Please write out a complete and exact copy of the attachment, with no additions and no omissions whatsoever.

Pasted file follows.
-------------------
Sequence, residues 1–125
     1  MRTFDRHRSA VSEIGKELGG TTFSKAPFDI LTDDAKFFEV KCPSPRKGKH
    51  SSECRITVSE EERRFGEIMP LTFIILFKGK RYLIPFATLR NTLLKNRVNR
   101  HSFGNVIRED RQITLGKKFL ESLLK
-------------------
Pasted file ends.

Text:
Sequence, residues 1–125
     1  MRTFDRHRSA VSEIGKELGG TTFSKAPFDI LTDDAKFFEV KCPSPRKGKH
    51  SSECRITVSE EERRFGEIMP LTFIILFKGK RYLIPFATLR NTLLKNRVNR
   101  HSFGNVIRED RQITLGKKFL ESLLK